"Using science to understand how little girls’ and boys’ experiences shape them into the young women and men they will become."

Gender, Play, Media and Childhood

Wishing to be a mommy to a (girl) mummy this Halloween - The Washington Post
Greeting us was an energetic salesman, who asked if we were searching for a specific costume. My response was a simple yes: We needed a mummy costume. He glanced back and forth between my son and my daughter, paused, and asked, "A girl mummy or a boy mummy?"

To me, it seemed as if the store got quiet and the minutes got long. And I heard the inevitable deep sigh escape from my daughter. I looked down at her, and the only word to describe her face was crestfallen.

Is it Pink? Does it have Wheels?
Are kids just naturally drawn to some toys more than others? Lisa Dinella and her colleagues conducted a series of experiments to see if boys are drawn to toys that have wheels more than girls. Girls liked toys that are stereotypically 'girl' toys more than boys, and boys liked 'boy' toys, but there was no difference in how much they liked toys with wheels, or that were pushed or pulled. Interestingly, girls were found to be more flexible in the types of toys that they liked than boys were. Providing all kids with all kinds of toys is important for their learning and their enjoyment.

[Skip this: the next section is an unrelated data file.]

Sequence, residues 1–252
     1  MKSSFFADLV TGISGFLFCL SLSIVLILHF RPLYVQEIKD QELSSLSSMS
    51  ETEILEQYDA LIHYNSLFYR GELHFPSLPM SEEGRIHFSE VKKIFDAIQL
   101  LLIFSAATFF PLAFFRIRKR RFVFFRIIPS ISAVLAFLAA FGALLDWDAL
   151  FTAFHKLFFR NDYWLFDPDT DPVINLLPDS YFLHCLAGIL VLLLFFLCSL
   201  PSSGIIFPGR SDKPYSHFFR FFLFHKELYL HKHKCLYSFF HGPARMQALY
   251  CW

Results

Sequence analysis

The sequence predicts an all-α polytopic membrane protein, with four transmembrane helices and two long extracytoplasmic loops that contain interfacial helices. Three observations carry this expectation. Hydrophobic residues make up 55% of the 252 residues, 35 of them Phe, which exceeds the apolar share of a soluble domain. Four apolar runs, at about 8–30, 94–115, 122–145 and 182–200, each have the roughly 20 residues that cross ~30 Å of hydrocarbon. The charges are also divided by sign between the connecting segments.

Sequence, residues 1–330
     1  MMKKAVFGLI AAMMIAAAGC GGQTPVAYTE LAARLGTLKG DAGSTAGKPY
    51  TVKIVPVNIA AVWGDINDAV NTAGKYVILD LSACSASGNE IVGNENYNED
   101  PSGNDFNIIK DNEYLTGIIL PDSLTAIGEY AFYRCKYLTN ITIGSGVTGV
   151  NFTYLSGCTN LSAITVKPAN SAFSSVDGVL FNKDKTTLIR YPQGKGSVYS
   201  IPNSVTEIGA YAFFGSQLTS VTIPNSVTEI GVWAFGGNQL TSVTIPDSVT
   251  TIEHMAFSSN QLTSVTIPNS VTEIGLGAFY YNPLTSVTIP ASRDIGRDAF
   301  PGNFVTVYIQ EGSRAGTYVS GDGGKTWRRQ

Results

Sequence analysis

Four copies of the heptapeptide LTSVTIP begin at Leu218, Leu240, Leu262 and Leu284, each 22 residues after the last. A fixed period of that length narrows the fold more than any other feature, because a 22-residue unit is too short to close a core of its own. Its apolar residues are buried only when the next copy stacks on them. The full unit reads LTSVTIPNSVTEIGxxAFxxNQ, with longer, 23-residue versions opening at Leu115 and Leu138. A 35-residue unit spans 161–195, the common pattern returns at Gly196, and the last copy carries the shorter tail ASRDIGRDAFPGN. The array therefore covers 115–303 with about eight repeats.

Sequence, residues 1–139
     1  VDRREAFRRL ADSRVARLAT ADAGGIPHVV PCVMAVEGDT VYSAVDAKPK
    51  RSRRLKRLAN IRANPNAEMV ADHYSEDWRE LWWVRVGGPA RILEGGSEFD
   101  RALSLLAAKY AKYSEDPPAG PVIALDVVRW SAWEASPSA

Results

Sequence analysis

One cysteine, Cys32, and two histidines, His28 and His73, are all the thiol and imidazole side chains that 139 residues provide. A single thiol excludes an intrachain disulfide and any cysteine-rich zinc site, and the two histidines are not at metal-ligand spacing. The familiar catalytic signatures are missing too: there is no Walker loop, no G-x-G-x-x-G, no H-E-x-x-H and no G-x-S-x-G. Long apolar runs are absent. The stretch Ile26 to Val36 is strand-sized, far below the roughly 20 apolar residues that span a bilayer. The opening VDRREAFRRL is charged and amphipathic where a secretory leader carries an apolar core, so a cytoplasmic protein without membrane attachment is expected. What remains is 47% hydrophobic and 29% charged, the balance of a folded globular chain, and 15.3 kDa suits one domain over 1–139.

Pink Gives Girls Permission
Drs. Erica Weisgram, Megan Fulcher, and Lisa Dinella conducted a series of studies on the colors pink and blue, and how color impacts kids' toy choices.

Results showed that a toy's color was very important, but impacted girls and boys differently.

Boys will be Boys, and Girls will be Princesses: Messages in Children's Media

Child with Doll

Monmouth University Department of PsychologyACTOP ConferenceGender Development Lab